Doug Collins & The Receptionists: “Good Sad News” – lush, heartwarming soundscapes

Minneapolis based Doug Collins & The Receptionists are made up of Doug Collins (vocals, guitar), Chuck Varley (bass, vocals) and Bill Dankert (drums, vocals). Doug’s roots pop sound is...

Minneapolis based Doug Collins & The Receptionists are made up of Doug Collins (vocals, guitar), Chuck Varley (bass, vocals) and Bill Dankert (drums, vocals). Doug’s roots pop sound is embedded in songs that sound happy, but are usually sad. Hence the title of the album “Good Sad News”, which was voted #3 best American release in Spain by Ruta66 Magazine. Doug Collins makes music in the service of humanity, with a kind of honest and plain-spoken poetry. His is a voice we need and an engagement with spirit and empathy we need even more. The challenge for someone like Doug – the guy who can do everything from write to sing to play a scorching guitar – is to find a way to bring it all together. Over the course of the last couple of years, he has done that, and here he is, fully formed on his latest album. Temperance and perspective have helped. Let’s be blunt about that. Doug Collins knows who he is, musically as well as personally. And it all flows out across this album.

“Good Sad News” is a twangy, folky, country, poppy, and vaguely rock n’ roll-type thing that is hard to categorize. His band enhances this record, but Doug’s songwriting is the key. In a world of auto-tune and pitch-perfected records being literally vomited out by the corporate labels, I literally feel blessed that we’ve got Doug Collins keeping our feet grounded in real, honest-to-goodness music. There’s only a handful of truly talented folks still making records with this classic roots flavor, and Doug ranks the very top, period.

Right from the opening upbeat track, “Conversation With My Heart”, this record offers up some very tasty, tried-and-true sounds, which work perfectly. “Little House” (Built For Two)” bounces with energy, while the tender “Please Don’t Make Me Leave You” shows he’s not even close to exhausting his capacity to craft a ballad.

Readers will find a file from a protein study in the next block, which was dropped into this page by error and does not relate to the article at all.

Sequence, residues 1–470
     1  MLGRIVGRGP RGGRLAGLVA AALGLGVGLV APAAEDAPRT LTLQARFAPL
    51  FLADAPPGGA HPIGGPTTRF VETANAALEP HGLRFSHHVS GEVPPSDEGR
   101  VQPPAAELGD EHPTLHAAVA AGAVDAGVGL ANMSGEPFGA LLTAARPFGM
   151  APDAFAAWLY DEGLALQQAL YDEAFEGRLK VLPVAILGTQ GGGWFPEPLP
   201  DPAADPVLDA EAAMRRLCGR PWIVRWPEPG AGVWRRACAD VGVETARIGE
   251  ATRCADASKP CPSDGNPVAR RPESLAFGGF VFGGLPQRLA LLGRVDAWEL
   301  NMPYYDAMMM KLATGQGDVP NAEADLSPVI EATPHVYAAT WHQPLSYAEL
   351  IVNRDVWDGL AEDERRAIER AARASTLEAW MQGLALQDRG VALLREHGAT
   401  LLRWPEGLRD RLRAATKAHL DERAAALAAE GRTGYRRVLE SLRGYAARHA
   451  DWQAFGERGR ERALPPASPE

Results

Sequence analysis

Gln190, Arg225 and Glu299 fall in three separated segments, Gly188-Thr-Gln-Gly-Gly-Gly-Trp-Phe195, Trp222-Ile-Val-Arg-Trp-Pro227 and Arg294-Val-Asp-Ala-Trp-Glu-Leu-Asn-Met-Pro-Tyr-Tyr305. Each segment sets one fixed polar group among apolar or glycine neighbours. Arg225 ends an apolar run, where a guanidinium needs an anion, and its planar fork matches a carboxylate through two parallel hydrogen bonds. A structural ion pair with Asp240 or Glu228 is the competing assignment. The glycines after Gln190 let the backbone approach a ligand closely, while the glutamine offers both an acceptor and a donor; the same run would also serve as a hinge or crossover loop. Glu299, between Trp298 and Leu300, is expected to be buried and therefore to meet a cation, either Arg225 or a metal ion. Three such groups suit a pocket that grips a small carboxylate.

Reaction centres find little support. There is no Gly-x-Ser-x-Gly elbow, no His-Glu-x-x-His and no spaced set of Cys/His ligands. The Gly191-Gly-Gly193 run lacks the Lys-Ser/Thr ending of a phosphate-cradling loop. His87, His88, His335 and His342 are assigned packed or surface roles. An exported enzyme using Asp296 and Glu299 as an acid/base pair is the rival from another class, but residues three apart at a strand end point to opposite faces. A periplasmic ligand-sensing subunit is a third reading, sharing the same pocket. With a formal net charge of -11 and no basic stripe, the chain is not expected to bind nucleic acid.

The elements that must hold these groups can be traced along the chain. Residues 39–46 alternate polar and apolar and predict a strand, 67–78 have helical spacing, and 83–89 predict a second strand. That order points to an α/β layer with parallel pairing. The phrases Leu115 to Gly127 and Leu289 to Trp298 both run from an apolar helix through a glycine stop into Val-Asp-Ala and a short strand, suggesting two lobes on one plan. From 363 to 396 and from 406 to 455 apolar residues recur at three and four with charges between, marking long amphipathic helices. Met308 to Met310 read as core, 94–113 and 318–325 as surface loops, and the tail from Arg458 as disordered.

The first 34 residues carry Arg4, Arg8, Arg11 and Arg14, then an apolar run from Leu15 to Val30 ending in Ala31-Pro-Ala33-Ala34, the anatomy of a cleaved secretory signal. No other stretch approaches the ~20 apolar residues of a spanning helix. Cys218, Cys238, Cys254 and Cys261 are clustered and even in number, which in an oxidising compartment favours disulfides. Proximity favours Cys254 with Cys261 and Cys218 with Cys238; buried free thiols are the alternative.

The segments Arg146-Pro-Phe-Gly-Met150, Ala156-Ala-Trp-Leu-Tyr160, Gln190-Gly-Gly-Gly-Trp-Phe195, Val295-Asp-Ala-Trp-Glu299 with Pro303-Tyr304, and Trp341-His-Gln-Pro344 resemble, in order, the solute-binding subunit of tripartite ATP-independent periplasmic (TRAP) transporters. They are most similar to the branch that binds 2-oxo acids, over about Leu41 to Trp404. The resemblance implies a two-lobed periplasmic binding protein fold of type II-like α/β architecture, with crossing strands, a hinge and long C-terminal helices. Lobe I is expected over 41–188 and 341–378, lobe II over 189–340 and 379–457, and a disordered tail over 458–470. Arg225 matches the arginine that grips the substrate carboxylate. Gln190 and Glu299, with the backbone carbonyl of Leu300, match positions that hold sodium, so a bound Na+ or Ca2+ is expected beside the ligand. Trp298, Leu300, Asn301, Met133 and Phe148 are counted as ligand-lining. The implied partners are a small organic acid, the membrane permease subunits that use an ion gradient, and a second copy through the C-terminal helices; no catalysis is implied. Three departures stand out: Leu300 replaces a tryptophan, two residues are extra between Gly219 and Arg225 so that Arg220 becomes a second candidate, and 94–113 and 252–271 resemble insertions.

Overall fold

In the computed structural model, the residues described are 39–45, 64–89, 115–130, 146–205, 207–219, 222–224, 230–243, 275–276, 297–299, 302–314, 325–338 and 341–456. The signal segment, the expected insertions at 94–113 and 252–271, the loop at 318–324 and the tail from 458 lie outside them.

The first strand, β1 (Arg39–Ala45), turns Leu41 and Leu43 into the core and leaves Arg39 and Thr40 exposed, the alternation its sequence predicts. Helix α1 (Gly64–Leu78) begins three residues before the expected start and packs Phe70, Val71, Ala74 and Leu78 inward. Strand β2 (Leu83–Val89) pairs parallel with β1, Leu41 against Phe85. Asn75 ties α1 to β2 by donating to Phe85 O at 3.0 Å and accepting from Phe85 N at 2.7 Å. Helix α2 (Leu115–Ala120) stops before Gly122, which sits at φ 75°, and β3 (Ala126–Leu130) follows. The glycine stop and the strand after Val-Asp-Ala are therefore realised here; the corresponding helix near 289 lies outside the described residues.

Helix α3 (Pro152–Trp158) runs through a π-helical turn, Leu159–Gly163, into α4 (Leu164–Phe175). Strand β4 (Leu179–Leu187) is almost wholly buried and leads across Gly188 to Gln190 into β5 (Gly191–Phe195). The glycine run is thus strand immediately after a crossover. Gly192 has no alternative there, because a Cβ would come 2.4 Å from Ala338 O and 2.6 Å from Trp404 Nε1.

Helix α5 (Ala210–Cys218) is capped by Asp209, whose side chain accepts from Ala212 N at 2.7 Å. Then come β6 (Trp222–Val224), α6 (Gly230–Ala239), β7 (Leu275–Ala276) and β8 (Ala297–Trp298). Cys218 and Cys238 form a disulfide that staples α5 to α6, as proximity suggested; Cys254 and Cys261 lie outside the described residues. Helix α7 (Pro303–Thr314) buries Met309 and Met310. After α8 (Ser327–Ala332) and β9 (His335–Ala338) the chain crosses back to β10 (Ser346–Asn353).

“Tomorrow” and “Crush On You” manages to combine a modern pop sound with a solid musical underpinning from the past. This is a sound we’ve heard before but recorded with a freshness and verve that uplifts the listener.

The intoxicating thing about this album is that the songs are able to transcend the painful realities of melancholy and heartbreak, with an honest and hopeful sound, which contrasts the afflicting lyrics. This sensation is so evident on poignantly beautiful songs like “I Saw You Dancin’” and “Hey May” – two of the best cuts on this records.

The organic instruments and elegant arrangements create lush, heartwarming soundscapes. Another standout, is the rocking, “Top Of The Water”, with its driving guitar rhythms and rich harmonies.

Doug Collins & The Receptionists are the freshest sound to emerge from the nexus of folk, rock and country in many years. Doug’s music is articulate and rocking, simple and yet able to present complex ideas; rooted in the past with his eyes and heart fixed firmly on the future.

The idea of a homespun artist like Doug Collins being ready to eclipse any number of corporate megastars in his field of scope, may sound somewhat far-fetched to the uninitiated. But to the rest of us, the perception of his rootsy authenticity is hugely aspirational.

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